Photo Credit: Adjaye & Adjaye Associates, Edo Museum of West Africa Arts View of main entrance and courtyard garden.


The Edo Museum of West Africa Art (EMOWAA) will collect, preserve, study and exhibit West African artworks and artefacts, past and present, while serving as a centre for scholarship, education, and contemporary creative activity. The crown jewel of EMOWAA will be the most comprehensive in-gathering and display in the world of the now-scattered court sculptures of the Kingdom of Benin.

Adjaye Associates has been appointed to undertake the initial concept and urban planning work on EMOWAA and to assist in assembling a team of professionals in Nigeria. The architectural vision is to use archaeology as a means of connecting the new museum with the surrounding landscape by revitalizing and incorporating the surviving remains of the walls, moats and gates of the historic Benin City, seen throughout the modern city today. Excavations may reveal evidence of historic buildings that may be retained in their original position and become part of the visitor experience.

Located in the heart of the thousand-year-old Benin City, EMOWAA will be a complex of multiple buildings and outdoor spaces inspired by historical typologies. A courtyard in the form of a public garden will feature indigenous flora and provide a welcoming green environment for gatherings, ceremonies and events.

The galleries, which float above the garden, are articulated by a series of elevated volumes – an inversion of the courtyard typology – that take their forms from reconstructed archaeological features of Benin City, making it possible for the museum’s objects to be arranged in their pre-colonial context and offering visitors an understanding of the significance of these artefacts within historic traditions, political economy and rituals. EMOWAA will allow visitors not just the possibility of ’looking in’ at the collection but also of ’looking out’ into the landscape to imagine the borders of a restored ancient kingdom.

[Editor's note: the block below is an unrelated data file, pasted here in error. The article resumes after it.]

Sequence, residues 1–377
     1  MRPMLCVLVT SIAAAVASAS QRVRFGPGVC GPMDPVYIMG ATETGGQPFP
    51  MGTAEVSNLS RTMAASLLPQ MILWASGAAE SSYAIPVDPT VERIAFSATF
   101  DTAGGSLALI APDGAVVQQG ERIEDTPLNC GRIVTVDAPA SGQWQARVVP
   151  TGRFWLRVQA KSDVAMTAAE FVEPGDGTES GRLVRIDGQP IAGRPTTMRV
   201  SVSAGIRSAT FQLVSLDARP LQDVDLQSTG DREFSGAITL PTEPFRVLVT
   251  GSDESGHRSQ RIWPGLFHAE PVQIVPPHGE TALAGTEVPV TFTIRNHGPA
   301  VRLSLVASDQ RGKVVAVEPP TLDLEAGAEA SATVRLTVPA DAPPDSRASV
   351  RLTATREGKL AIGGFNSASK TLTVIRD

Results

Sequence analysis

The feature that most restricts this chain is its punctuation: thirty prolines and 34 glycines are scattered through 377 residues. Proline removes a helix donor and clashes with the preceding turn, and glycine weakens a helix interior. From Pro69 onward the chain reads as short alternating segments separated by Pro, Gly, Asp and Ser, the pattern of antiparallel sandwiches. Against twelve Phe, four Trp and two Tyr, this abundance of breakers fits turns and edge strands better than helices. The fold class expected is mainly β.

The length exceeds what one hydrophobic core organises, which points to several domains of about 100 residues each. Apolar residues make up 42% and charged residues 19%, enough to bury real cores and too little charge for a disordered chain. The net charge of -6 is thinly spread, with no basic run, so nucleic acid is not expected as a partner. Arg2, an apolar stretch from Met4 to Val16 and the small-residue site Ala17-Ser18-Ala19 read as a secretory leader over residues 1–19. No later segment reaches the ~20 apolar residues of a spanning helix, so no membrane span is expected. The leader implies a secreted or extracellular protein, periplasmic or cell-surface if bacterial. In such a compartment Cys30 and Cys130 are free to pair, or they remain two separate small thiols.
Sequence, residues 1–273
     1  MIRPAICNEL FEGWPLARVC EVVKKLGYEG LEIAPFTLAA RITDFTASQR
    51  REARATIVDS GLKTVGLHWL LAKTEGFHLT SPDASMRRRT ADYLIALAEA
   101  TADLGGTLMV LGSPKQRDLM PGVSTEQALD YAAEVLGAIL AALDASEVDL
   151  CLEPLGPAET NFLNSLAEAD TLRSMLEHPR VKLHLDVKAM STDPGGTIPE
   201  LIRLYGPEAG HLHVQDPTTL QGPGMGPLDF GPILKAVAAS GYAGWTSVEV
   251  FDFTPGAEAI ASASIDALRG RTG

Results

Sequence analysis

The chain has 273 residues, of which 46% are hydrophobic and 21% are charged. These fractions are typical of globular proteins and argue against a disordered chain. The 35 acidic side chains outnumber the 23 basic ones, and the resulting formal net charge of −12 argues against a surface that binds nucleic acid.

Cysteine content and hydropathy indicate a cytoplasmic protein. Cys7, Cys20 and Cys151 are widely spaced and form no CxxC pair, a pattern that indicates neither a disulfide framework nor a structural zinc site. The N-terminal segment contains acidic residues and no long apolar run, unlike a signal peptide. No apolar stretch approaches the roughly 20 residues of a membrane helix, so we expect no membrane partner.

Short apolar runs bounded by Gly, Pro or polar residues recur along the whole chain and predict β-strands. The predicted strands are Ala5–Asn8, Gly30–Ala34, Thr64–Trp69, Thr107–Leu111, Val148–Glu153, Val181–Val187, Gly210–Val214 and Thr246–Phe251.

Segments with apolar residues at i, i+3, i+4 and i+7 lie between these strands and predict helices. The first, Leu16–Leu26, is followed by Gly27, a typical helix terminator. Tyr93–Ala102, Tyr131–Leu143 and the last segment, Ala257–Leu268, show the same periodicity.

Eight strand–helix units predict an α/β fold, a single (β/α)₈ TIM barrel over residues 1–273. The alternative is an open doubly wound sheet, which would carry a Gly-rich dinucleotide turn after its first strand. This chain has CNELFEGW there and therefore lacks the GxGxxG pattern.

Phase One

Generic placeholder image Photo Credit: Adjaye & Adjaye Associates, Edo Museum of West Africa Arts 7 Gates and Portals.

Archaeology Project

LRT is working with a range of Nigerian researchers and academic institutions, the National Commission for Museums and Monuments, Adjaye Associates, and international partners to carry out the most comprehensive archaeological programme ever undertaken in Benin City.

The project, which began in 2021, involves surveys of the Museum site and the wider surroundings to understand the buried archaeological features of Benin City and target further excavations.

In tandem with the archaeological project is an initiative to restore earthworks and historic monuments and develop a linear park that will enable visitors to experience aspects of the ancient city. Providing employment and training opportunities for young people in Nigeria, the archaeological project will inform curatorial narratives and future displays at EMOWAA.

Generic placeholder image Photo Credit: Adjaye & Adjaye Associates, Edo Museum of West Africa Arts Reconstructed Royal Spire Pavilion.

The Pavilion

To fast-track development of EMOWAA, accommodating the accelerating international movement to return looted cultural heritage to Nigeria, LRT is developing The Pavilion, a building constructed on a scale and budget that will permit it to open before the entire Museum complex is complete.

The Pavilion will provide state-of-the-art facilities for functions including conservation, study, exhibition, and public programming, as historic artworks begin to be restituted.

Initial designs by Sir David Adjaye envision a one-story building with approximately 38,000 square feet of interior space, incorporating features such as an exhibition gallery with views into the collection study area, an auditorium with seating for 180 persons, conference rooms, conservation laboratories, and a library. The landscaped grounds outside will include a sunken amphitheater, providing both an informal public gathering place and a Museum facility for outdoor programs.

Groundbreaking for The Pavilion is expected by late 2021, with construction to be finished by the end of 2022.

Generic placeholder image Photo Credit: Object from Benin City dated back 1897, housed in the British Museum, UK

Digital Benin

The Digital Benin project is an initiative to create a digital catalogue of Benin works held around the world. It is being developed by institutions including the Museum am Rothenbaum—World Cultures and Arts (MARKK) in Hamburg and other European museums with important Benin artifacts, in close cooperation with the Benin Dialogue Group.

LRT is providing coordination to support local research and infrastructural requirements of the project. A group of 18 international experts from Nigeria, the UK, the US, Sweden, the Netherlands, France and Germany have discussed the project’s development and challenges, and as a first step the partner institutions of the Benin Dialogue Group will provide data on their Benin holdings. This information on an estimated 2000 objects will provide a solid foundation for the further expansion of the platform by integrating additional data from other collections.